The bored children of Summer
Mariette Ulrich writes about children, Summer, and boredom. She has a point about modern, mostly electronic entertainments offering “stimulation (but usually the wrong kind–that which dazzles the senses, but does not feed the soul or the intellect).” But when you read about Ulrich growing up you realize that there is something deeper there. She had open space on a farm and lots of relatives (read: other children). Today’s urbanized population doesn’t have the great outdoors and in the age of single-child families and DINK neighbours, there are precious few other kids to play with. Our children spend the Summer outside Toronto, at a cottage near a bay. They spend most of the day swimming, climbing trees and rocks, running, exploring, digging, capturing wild critters, and gardening. They also have each other. It is harder to be bored when there are others with whom to play. There is still time for game boys, movies, and other electronics, but there isn’t time for boredom. They are too busy to be bored. Things to do and other people are pretty good tonics for boredom.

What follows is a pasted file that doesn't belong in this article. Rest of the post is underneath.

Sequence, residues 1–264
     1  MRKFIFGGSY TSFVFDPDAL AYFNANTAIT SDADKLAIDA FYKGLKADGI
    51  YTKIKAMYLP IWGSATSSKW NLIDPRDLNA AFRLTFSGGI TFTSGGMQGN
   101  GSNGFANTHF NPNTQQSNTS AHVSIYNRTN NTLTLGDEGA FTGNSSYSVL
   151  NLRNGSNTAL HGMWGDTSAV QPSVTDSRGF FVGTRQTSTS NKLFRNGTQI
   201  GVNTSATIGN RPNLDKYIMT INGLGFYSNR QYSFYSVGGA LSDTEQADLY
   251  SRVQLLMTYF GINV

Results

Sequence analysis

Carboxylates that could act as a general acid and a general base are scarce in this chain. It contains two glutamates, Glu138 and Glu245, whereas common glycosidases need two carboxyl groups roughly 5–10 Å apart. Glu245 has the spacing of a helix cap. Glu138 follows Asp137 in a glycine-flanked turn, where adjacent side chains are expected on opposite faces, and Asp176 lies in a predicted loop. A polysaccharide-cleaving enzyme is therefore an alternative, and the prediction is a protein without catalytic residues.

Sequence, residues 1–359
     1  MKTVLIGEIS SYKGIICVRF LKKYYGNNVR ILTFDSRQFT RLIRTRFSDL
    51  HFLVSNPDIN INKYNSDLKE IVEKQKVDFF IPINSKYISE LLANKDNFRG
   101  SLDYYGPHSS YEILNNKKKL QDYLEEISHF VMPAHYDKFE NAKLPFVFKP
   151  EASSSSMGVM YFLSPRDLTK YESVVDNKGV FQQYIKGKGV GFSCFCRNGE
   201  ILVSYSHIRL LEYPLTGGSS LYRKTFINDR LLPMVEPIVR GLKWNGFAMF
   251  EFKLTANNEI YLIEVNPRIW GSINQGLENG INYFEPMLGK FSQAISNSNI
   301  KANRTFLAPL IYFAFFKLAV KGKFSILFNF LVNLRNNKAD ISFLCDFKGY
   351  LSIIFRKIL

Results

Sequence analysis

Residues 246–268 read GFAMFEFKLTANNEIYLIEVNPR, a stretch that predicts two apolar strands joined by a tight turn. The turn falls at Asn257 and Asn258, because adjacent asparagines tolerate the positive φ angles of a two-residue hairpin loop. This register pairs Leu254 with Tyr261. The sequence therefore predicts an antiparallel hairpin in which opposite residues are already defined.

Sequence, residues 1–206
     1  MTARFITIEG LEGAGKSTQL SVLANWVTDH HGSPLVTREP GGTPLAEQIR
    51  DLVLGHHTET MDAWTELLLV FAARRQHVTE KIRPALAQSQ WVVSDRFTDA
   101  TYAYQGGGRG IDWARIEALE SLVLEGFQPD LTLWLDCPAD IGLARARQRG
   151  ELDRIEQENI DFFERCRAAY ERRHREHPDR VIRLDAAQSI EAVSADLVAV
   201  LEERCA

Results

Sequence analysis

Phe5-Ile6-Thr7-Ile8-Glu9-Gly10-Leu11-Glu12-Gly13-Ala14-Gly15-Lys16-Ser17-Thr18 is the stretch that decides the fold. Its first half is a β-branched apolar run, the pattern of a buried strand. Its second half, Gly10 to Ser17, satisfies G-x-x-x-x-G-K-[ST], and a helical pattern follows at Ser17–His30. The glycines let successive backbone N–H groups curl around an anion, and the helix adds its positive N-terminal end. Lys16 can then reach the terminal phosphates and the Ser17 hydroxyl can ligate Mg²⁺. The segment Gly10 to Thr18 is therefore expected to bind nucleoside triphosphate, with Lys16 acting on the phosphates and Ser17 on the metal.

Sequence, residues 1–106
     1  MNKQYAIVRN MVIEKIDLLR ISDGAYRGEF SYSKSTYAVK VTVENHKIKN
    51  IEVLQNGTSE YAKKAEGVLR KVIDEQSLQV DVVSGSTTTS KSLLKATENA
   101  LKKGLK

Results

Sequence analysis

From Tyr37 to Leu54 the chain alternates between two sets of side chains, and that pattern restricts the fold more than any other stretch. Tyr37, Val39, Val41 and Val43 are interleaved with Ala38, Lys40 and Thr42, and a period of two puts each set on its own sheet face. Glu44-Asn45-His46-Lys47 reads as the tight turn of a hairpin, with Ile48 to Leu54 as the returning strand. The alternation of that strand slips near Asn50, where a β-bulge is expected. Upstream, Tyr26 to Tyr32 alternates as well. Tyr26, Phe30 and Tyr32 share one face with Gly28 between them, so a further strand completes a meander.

Relatedly, earlier this Summer, Toronto’s deputy mayor Doug Holyday said that the downtown was not a great place to raise kids and I’d agree: parks are not the same as one’s own suburban lawn or country fields and there aren’t enough other kids to play with (in part because the downtown does not have affordable spacious housing for families). Holyday was beaten up in the press, but he had a point.